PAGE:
Dismiss Notice
Join Physics Forums Today!
The friendliest, high quality science and math community on the planet! Everyone who loves science is here!

Functional taylor series

  1. Dec 30, 2009 #1
    Is there any place I can find the equation for the Taylor expansion of a functional around a function ??

    Particularly, I want something like:

    f[x(t)] = f[\hat{x}(t)] + (f[\hat{x}(t)] - f[x(t)] \frac{\delta f}{\delta x(t)}|_{x(t)=\hat{x}(t)} + \frac{(f[\hat{x}(t)] - f[x(t)])^2}{2!}\frac{\delta ^2f}{\delta ^2x(t)}|_{x(t)=\hat{x}(t)} \ldots

    Particularly I want to expand the functional:

    f[\Psi] [/itex] around the function [itex]\Psi \Psi^*[/itex] where [itex]\Psi^*[/itex] is the compex conjugate
  2. jcsd
  3. Jan 13, 2010 #2
    Is this problem completely ill-posed ??
    Is there no such thing as a funcitonal taylor series ??

    Is there a book where I can find the formula ??

    THank you.
  4. Jan 13, 2010 #3
    What is [tex] \hat{x}[/tex] ? If [tex] f,x \in C^{\infty} ( \mathbb{R}) [/tex] then
    [itex]f[x(t)] = f[ x( t_0 )] + \left( f[x(t)] - f[x(t_0)] \right) \frac{\delta f}{\delta x(t)}|_{ t = t_0 } + \frac{ \left( f[x(t)] - f[x(t_0 )] \right) ^2}{2!}\frac{\delta ^2f}{\delta ^2x(t)}|_{t = t_0} } + \ldots [/itex]​
    forall [tex] t \in ( t_0 - \epsilon , t_0 + \epsilon) [/tex], where [tex] \epsilon [/tex] small enough.
  5. Jan 13, 2010 #4
    [itex]\hat{x}(t)[/itex] was supposed to be the funciton about which the series is being expanded.

    What you typed out looks like just a regular taylor series (expanded about a variable), I want a functional taylor series (expanded about a FUNCTION). I realized just now that the second term should probably be negative.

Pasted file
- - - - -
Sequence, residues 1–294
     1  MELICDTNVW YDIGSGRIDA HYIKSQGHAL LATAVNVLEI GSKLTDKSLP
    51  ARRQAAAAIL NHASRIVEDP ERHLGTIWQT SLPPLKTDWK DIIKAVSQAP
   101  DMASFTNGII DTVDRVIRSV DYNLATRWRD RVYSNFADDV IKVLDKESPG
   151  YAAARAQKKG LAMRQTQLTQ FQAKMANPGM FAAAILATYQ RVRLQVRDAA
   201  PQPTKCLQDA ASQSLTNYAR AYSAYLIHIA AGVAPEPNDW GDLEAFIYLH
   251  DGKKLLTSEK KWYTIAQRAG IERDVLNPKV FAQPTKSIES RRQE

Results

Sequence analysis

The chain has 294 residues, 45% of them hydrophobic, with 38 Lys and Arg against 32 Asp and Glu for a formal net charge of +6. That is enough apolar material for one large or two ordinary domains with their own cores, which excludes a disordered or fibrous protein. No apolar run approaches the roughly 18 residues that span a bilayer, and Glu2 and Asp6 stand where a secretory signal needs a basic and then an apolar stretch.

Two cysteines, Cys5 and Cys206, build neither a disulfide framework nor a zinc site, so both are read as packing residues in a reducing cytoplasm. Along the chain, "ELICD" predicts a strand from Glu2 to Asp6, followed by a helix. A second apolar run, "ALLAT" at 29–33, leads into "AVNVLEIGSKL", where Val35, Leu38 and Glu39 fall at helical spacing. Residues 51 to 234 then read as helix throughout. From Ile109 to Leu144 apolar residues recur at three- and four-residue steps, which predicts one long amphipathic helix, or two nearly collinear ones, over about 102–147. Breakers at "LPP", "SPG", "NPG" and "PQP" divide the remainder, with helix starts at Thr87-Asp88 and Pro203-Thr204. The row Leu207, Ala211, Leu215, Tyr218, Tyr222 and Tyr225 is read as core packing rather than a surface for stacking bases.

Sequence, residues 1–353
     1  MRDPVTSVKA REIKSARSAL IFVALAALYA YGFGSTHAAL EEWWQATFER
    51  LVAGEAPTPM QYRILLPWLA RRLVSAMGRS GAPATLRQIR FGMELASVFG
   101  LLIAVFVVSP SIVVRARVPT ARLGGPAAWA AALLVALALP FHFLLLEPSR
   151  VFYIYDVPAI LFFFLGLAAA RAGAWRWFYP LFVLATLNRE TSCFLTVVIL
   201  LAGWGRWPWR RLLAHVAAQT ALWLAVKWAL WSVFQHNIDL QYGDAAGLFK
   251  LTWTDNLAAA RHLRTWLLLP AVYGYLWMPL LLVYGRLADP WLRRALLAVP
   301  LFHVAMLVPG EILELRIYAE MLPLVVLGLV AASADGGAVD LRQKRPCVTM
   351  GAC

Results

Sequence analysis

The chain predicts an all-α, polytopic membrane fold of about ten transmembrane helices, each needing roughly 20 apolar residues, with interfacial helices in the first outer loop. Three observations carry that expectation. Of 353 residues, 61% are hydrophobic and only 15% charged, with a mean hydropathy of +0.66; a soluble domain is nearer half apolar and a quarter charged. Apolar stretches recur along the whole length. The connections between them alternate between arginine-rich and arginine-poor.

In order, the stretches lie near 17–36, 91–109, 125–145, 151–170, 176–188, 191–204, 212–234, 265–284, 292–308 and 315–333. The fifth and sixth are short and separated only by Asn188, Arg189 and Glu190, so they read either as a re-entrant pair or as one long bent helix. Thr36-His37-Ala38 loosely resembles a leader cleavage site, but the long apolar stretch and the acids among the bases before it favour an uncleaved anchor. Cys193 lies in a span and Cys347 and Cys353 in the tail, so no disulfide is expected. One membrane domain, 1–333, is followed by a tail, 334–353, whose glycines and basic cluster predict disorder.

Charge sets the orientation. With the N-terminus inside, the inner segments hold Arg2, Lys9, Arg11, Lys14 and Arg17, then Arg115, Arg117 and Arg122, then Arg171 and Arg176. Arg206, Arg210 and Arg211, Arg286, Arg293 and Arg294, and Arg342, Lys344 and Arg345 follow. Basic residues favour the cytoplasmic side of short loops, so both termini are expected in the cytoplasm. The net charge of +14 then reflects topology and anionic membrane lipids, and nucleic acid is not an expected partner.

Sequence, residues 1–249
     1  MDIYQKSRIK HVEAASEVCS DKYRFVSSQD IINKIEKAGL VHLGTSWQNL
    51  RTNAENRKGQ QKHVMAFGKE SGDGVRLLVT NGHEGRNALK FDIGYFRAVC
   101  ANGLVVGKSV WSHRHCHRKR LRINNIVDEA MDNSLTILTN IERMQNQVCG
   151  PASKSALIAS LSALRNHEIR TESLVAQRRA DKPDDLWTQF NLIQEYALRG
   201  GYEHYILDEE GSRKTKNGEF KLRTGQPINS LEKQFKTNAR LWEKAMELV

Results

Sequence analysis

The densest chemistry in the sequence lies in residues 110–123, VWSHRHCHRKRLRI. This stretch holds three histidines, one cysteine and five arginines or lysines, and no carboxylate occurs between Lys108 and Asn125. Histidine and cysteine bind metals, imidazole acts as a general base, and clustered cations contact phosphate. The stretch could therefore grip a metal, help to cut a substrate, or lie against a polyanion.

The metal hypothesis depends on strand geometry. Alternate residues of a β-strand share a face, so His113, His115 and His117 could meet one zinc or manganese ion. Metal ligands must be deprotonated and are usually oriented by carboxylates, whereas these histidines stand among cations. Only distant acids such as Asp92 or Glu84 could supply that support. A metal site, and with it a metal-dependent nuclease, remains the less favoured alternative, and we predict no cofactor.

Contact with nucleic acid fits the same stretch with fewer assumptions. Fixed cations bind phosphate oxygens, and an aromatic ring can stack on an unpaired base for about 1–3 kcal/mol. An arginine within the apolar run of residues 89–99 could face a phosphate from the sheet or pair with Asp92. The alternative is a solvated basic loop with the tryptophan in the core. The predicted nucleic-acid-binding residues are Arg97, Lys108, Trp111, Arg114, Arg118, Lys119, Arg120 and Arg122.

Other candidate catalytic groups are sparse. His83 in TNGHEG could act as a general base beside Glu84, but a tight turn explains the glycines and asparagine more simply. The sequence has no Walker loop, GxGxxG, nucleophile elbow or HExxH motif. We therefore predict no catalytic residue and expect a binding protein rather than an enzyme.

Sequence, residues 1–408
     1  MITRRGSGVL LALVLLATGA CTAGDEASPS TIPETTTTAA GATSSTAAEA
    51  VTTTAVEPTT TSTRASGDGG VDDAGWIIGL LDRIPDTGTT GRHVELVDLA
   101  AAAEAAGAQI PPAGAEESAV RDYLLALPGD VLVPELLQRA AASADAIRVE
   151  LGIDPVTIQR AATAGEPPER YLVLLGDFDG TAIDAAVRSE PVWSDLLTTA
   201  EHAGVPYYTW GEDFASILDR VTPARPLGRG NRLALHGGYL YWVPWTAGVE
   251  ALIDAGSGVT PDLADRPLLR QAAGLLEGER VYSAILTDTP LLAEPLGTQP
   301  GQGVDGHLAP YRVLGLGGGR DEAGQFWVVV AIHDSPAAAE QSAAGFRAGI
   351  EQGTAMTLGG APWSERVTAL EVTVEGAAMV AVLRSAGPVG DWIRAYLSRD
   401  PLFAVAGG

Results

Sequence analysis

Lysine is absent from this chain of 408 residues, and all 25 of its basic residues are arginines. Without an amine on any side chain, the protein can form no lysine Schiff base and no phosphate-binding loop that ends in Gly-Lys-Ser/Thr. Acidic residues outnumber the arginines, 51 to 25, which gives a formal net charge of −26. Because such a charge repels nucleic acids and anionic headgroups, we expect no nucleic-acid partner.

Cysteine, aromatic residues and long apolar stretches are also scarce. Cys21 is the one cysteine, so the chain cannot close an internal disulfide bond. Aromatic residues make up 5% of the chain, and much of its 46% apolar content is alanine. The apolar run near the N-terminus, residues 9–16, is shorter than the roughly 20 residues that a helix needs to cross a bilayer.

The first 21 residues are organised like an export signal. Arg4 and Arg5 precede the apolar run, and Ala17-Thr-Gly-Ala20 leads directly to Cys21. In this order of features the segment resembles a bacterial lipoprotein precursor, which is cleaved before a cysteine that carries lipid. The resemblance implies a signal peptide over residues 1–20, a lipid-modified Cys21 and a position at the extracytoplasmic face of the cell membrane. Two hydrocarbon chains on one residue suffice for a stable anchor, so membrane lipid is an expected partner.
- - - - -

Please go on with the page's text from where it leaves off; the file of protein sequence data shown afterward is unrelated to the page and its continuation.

6. Jan 14, 2010 #5


    User Avatar
    Staff Emeritus
    Science Advisor
    Gold Member

    I'm a little skeptical of being able to make sense of expanding [itex]f[\Psi][/itex] about [itex]\Psi \Psi^*[/itex], because [itex]\Psi[/itex] and [itex]\Psi^*[/itex] are typically analytically independent of each other, so I don't expect there to be a sensible notion of "closeness".

    OTOH, you do have [itex]f[\Psi] = f[\Psi \Psi^* + (\Psi - \Psi \Psi^*)][/itex], so *shrug*.
  7. Jan 14, 2010 #6
    Okay, I may be missing something that you typed ...
    which functional space are everything occurring to ?

    For example, when you said that [tex]f = g [/tex] in [tex]C(a,b)[/tex] then [tex]f (t) = g (t)[/tex] for all [tex]t \in [a,b][/tex], or, when you said that [tex]f = g [/tex] in [tex]L^1(a,b)[/tex] then
    [tex]\int_{a}^b |f(t) - g(t)| dt = 0[/tex] ​
    etc ... So, what is [itex] f[x(t)] [/itex] ? function, number, distribution ? You write [tex] f[x(t)] = .... [/tex], what did it mean ?

    pardon, which series did you mean ?
  8. Jan 14, 2010 #7

    [itex]f[x(t)][/itex] is a functional of the function [itex]x(t)[/itex].